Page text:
# Interdisciplinary Applied Mathematics

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drag is caused by the lower surface. However, that analysis did not include slip effects, which may modify the viscous drag contribution.

A similar type of gas microflow occurs in another classic MEMS device, the electrostatic comb microdrive (Tang et al., 1989), which is shown in Figure 1.2. Electrostatic comb-drives are excellent resonant actuators that produce large motions at low drive voltage. For typical operating conditions with a resonance frequency of 75 kHz, the dimensions shown in the figure, and with the gap between the stationary and movable comb arms of order 1 pm, we calculate that Re = 0.74 and M = 0.014. Both the micromotor and the comb-drive flows are sustained due to the motion of a thin layer of polysilicon across the silicon substrate. In the simplest form, these flows can be modeled by a shear-driven flow (see Chapter 3).

An electrostatic comb-drive is one of the most important first-generation

4

80 [4 m

Stationary

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FIGURE 1.2. Left: Diagram of a typical electrostatic comb-drive mechanism with typical dimensions. Right: Actual electrostatic comb-drive. The resonator consists of a central    shuttle    that    is suspended by a    cantilever    beam    so    that it    can    move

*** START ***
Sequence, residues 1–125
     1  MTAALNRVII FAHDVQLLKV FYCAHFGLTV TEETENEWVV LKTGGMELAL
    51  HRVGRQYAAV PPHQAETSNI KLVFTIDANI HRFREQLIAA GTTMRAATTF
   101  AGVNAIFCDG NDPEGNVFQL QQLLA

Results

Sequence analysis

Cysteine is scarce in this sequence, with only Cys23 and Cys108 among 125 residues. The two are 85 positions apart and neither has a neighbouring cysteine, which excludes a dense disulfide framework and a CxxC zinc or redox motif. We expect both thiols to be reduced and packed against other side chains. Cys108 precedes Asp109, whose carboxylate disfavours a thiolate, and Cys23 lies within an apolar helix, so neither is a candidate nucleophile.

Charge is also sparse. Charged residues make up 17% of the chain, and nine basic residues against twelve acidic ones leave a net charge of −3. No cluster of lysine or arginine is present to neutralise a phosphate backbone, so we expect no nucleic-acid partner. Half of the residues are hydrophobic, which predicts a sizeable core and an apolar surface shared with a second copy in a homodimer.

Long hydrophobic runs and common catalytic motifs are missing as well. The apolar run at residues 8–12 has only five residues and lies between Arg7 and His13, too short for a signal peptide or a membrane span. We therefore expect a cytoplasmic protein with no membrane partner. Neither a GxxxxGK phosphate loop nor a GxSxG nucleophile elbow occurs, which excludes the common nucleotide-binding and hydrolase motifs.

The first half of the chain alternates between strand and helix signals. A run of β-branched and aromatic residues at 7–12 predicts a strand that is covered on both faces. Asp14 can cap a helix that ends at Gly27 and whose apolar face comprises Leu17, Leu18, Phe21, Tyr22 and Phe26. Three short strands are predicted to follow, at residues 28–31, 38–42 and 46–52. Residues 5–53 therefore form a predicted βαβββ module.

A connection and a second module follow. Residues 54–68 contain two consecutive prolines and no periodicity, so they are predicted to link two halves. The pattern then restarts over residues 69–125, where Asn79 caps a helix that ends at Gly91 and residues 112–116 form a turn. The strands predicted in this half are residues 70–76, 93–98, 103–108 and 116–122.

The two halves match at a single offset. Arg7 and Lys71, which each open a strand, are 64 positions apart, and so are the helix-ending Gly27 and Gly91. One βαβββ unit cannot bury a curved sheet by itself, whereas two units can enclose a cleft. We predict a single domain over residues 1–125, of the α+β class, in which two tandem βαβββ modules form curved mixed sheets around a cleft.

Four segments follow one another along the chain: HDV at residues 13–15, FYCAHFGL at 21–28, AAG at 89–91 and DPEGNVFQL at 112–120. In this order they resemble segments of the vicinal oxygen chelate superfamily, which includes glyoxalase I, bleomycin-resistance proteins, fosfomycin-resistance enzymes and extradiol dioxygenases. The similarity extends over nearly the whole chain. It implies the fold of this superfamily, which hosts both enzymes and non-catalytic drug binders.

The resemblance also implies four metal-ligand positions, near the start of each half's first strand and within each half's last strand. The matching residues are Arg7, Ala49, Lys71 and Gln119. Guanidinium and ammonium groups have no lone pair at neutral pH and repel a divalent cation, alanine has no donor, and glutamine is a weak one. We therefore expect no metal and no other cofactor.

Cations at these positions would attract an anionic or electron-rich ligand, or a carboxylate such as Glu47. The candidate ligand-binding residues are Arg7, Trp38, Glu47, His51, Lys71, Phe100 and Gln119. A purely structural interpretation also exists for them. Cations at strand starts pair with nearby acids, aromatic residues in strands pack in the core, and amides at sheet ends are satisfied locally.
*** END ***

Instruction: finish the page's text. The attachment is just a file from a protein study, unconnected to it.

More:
horizontally. (Courtesy of D. Freeman.)

Movable

Resonance Frequency 75 kHz

MEMS devices. It is driven by interdigitated capacitors, the electrostatic combs. In a standard comb-drive, the capacitance varies linearly with the displacement, resulting in an electrostatic force that is independent of the position of the moving fingers, except at the end of the travel, where the force becomes large (full overlap). An approximate equation for the driving electrostatic force Fe on each of the moving fingers is

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